Abacus Automation was approached by a natural gas supplier to provide a solution that would allow remote monitoring of end customer sites. Prior to the implementation of this solution, the customer relied on telephonic information to decide how to coordinate gas delivery. Issues ranged from no feedback after working hours, to incorrect feedback due to human error. Abacus’ solution therefore needed to accommodate three critical requirements.
Firstly, multiple users situated at different points in the country simultaneously querying the system for information; secondly, strict end-user segregation, preventing other end-users viewing data that does not concern them; and finally, reliable transfer of data from end-user sites to the supplier.
The Siemens Simatic automation components were chosen as the framework of the solution. “While certain Siemens PLCs can present process data using a built-in web server, the development of multiple web pages for a complex process can sometimes be cumbersome and is limited in certain aspects. Siemens scada products become the more robust solution to this by providing a web-based interface in parallel to a regular scada interface. This aids in development, cutting down on time required as well as duplicate configuration. The solution also leverages the tried and trusted Internet Information Services built in to Windows to provide a reliable software framework for the web interface,” says Abacus’ Dhiren Naidoo.
Being HTML5-based, the generated web pages also scale well between smartphones and PCs. Siemens scada also provides easy segregation of information and security management by authenticating users when presenting the web page equivalents. This solved most of the data presentation requirements for the customer. Ultimately, this means that the end user does not require specialised hardware or software, embracing the ‘Bring Your Own Device’ paradigm with minimum development effort on Abacus’ part as the system integrators.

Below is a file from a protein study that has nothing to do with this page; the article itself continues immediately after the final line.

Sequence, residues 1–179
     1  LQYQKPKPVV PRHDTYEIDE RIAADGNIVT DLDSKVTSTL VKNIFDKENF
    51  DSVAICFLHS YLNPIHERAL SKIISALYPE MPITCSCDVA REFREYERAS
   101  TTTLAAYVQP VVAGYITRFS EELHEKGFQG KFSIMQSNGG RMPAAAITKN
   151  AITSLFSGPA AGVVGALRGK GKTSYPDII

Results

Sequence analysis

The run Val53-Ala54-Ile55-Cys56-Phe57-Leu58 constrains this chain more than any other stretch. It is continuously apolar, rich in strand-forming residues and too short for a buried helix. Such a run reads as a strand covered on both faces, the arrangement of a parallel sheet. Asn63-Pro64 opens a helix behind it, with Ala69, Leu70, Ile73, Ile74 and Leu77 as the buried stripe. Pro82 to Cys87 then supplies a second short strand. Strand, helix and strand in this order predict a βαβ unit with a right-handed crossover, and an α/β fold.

The remaining challenge was to gather data at more than one end-user site and display this information on the Siemens scada. Siemens communication protocols proved robust enough to work over routed networks and were therefore chosen to maintain regular data transmission from end-user sites to the customer’s main facility.
The initial proposal for the solution placed the responsibility for the physical data links on the customer’s IT provider. While this was the ideal arrangement, complications later arose that allowed Abacus to provide a connectivity solution as well.
After the proper security precautions were taken, data links were set up between the customer’s premises and the end-user sites using popular, lightweight routing hardware via ADSL with 3G failover. It also provided access to the web server at the customer premises, for those with the appropriate credentials. For security reasons, in this implementation, no control is allowed via the web interface despite the solution being perfectly capable of providing this functionality.
“Although Abacus rose perfectly to the challenge of providing a connectivity solution for the customer, it is recommended that the data link is handled by a company that provides connectivity as a service. This is beneficial to both the systems integrator and customer in that their data link is guaranteed to a measured metric, be it up-time or bandwidth,” concludes Naidoo.
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